The Book of Kells — Christ Enthroned – Rick Steves’ Travel Blog

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The Book of Kells — Christ Enthroned – Rick Steves’ Travel Blog


“Christ Enthroned,” from the Book of Kells.

For me, one of many nice joys of journey is having in-person encounters with nice artwork — which I’ve collected in a e book known as Europe’s Top 100 Masterpieces. Here’s one among my favorites:

Jesus Christ sits on a throne and solemnly cradles one thing essential — a e book, the holy phrase of God. He has a lush head of curly flaxen hair and a considerate expression. Seated beneath an arch, he’s surrounded by a labyrinth of colourful, intricately woven designs.

This illustration from an outdated Bible tells the story of Jesus. This specific drawing got here proper on the level within the story (Matthew 1:18) the place this heavenly Jesus was about to be born as a humble mortal on earth.

It’s only one web page of the exceptional 1,200-year-old gospels often called the Book of Kells. Perhaps the best piece of artwork from the so-called Dark Ages, this e book is a uncommon artifact from that troubled time.

It’s the 12 months 800. The Roman empire has crumbled, leaving Europe in chaos. Vikings had been raping and pillaging. The Christian religion — formally embraced over the past years of the empire — was now faltering, as Europe was reverting to its pagan and illiterate methods. Amid the turmoil, on the distant fringes of Europe, lived a band of scholarly Irish monks devoted to tending the embers of civilization.

These monks toiled to protect the phrase of God within the Book of Kells. They slaughtered 185 calves and dried the skins to make 680 cream-colored pages known as vellum. Then the tonsured monks picked up their swan-quill pens and went to work. They meticulously wrote out the phrases in Latin, ornamented the letters with elaborate curlicues, and interspersed the textual content with full-page illustrations — creating this “illuminated” manuscript. The undertaking was interrupted in 806 when Vikings savagely pillaged the monastery and killed 68 monks. But the survivors fled to the Abbey of Kells (close to Dublin) and completed their treasured Bible.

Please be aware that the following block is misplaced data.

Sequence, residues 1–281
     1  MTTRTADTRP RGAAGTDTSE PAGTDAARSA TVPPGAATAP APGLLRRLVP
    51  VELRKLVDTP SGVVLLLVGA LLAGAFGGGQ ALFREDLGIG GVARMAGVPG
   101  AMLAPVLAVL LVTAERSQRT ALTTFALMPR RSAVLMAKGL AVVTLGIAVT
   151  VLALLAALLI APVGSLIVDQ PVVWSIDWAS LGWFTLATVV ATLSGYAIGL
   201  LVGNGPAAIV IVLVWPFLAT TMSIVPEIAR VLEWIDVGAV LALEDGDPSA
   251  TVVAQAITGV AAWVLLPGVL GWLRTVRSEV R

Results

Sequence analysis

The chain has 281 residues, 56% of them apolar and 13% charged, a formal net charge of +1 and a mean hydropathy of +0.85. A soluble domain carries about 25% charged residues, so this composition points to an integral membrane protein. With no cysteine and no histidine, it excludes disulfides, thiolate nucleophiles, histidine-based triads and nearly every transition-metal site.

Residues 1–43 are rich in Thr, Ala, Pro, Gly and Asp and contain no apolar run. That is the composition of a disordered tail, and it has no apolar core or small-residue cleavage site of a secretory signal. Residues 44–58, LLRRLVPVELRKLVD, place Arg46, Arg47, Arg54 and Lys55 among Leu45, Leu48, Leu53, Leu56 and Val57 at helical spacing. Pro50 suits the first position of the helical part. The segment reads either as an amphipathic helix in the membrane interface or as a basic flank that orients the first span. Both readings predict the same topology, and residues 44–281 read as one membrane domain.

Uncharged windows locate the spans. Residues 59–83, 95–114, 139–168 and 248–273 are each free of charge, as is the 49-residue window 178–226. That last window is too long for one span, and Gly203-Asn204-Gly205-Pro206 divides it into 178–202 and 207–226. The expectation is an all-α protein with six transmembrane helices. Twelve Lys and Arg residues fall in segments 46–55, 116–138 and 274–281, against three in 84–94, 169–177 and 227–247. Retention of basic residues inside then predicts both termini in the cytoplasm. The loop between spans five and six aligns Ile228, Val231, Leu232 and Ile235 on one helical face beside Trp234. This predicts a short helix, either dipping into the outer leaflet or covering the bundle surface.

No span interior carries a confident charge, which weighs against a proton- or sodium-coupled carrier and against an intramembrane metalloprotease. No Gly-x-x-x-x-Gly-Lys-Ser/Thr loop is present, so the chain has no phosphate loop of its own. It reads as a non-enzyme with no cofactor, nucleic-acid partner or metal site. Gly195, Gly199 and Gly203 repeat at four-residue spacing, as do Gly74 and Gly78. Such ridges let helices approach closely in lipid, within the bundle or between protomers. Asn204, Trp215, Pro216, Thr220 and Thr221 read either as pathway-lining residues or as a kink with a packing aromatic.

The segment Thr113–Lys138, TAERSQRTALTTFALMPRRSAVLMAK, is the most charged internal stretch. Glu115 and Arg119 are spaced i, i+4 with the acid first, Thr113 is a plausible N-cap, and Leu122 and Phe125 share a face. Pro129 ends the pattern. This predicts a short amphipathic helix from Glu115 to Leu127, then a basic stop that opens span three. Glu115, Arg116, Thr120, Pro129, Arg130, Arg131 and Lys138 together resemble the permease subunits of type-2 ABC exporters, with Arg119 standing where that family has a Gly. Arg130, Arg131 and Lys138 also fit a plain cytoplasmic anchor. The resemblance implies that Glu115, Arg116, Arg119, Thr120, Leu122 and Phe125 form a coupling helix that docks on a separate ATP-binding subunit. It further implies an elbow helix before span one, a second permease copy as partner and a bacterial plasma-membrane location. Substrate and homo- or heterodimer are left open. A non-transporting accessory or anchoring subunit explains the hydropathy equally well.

Christ Enthroned is only one web page — 1/680th — of this wondrous e book. On nearer inspection, the web page’s unimaginable detail-work comes alive. To both facet of Christ are two mysterious males holding robes, and two grotesque-looking angels, with their wings folded in entrance. Flanking Christ’s head are peacocks (symbols of Christ’s resurrection), with their ft tangled in vines (symbols of his Israelite roots). Admittedly, Christ isn’t terribly reasonable: He poses stiffly, like a Byzantine icon, with almond eyes, weirdly positioned ears, and E.T. fingers.

The true magnificence lies within the intricate designs. It’s a jungle of spirals, swirls, and intertwined snakes — sure, these are snakes, with their little heads rising right here and there. The monks combined Christian symbols (the cross, peacock, vines) with pagan Celtic motifs of the world round them (circles, spirals, and interwoven patterns). It’s all finished in vivid colours — blue, purple, purple, inexperienced, yellow, and black — meticulously etched with a quill pen. Of the e book’s 680 pages, solely two don’t have any ornament.

As Christianity regained its footing in Europe, monasteries in every single place started creating comparable monk-uscripts — although few as luxurious because the Book of Kells. In 1455, Johann Gutenberg invented the printing press, books turned mass-produced…and hundreds of monks had been free of being the scribes of civilization.

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